Princeton University’s Ted Borer offers historical perspective on lighting — going back to before Thomas Edison — and explains why CHP microgrids offer so much value to today’s electric grid.
Electricity is a high grade form of energy. It is clean to use, high energy-density, quiet, and has a vast array of applications. There is a well-developed distribution infrastructure and the properties of electricity are well understood. Electricity can be generated by conversion from many different sources including: hydro, nuclear, solar, wind, tidal, coal, oil, gas, biomass, waste… Electricity has become a “common currency” for energy.
We are accustomed to reliable, consistent electric power in almost every building we enter. We take it for granted that with the flick of a switch we can enjoy lights, heat, cooling, and an infinite array of modern conveniences. But, everything that uses energy requires maintenance. And at some point, each thing we build will fail. The important question is not whether the components of electric power systems will fail, but how well we have designed the system so that failures cause the least disruption, and how well prepared we are to restore them to normal service.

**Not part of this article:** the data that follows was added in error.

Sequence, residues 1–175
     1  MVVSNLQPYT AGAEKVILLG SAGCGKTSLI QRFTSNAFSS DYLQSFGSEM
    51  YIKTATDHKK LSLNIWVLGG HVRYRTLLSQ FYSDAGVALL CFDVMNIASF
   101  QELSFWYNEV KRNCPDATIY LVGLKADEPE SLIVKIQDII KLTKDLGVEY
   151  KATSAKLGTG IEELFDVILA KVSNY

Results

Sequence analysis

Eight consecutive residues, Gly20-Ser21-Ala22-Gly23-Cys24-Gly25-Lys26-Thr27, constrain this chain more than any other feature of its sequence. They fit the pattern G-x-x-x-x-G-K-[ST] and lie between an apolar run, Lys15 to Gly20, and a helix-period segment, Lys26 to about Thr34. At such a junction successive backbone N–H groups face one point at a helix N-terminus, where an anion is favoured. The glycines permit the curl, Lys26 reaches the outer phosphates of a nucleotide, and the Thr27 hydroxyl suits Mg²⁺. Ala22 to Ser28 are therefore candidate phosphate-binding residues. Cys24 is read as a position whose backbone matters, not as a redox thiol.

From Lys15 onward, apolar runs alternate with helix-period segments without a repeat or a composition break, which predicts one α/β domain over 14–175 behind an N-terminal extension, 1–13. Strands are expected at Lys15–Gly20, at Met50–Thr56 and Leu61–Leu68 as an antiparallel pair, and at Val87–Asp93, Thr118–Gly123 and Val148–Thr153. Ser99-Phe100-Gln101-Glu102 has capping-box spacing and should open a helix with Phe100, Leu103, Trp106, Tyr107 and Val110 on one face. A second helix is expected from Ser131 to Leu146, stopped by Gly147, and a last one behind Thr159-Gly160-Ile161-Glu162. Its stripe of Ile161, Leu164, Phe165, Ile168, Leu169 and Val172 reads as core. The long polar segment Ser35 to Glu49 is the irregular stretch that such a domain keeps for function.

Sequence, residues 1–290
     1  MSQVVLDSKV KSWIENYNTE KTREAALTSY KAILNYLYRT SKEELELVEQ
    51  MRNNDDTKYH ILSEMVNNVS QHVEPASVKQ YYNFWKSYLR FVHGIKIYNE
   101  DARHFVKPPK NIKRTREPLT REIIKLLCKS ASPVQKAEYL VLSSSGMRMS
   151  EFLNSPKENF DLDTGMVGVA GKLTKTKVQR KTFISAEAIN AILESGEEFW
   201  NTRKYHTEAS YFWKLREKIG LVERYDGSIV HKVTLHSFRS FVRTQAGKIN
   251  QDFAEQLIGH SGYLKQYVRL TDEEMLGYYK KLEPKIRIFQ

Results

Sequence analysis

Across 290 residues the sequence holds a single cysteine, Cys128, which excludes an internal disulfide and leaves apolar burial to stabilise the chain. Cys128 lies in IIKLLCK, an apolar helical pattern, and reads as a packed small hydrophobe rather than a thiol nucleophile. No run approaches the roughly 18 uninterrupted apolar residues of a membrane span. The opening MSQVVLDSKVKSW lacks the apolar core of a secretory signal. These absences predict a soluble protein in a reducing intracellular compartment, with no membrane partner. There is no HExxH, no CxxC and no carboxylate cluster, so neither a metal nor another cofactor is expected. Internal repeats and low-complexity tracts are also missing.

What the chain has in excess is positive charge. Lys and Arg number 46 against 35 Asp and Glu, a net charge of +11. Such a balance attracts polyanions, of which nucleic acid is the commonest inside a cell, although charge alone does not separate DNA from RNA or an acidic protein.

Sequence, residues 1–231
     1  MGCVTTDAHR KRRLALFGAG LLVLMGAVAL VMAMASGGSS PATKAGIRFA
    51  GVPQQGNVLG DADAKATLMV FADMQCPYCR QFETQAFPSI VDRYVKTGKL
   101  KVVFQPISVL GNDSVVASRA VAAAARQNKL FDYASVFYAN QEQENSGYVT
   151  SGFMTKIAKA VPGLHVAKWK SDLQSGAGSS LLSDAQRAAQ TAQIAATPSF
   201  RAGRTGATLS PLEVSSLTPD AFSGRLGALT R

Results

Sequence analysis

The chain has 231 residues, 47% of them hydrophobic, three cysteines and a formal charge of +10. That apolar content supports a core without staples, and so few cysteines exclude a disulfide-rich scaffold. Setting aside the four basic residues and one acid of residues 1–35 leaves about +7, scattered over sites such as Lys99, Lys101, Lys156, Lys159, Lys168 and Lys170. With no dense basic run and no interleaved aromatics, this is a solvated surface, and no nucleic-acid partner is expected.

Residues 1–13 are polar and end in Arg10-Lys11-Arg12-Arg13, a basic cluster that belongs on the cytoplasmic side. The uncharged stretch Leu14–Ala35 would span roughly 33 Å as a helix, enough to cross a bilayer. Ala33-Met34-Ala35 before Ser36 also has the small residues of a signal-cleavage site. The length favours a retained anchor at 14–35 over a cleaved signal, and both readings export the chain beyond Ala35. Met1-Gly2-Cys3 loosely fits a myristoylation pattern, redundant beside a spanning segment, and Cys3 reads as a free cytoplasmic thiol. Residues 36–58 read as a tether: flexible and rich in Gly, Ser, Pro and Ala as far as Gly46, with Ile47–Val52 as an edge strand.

Advantages of local storage, production, and control
Grid-scale reliability was not always a concern. Before electric lighting or gas lamps, kerosene lamps included local fuel storage and direct control by the user. By having a diverse array of non-connected lamps, there was little risk that a single lamp running out of fuel would result in failure of all lighting throughout a building, let alone, a town. Even if a building ran out of fuel, there was likely to be some stored next door. There were many drawbacks to the use of kerosene lamps, but regional common-mode failure was not one of them.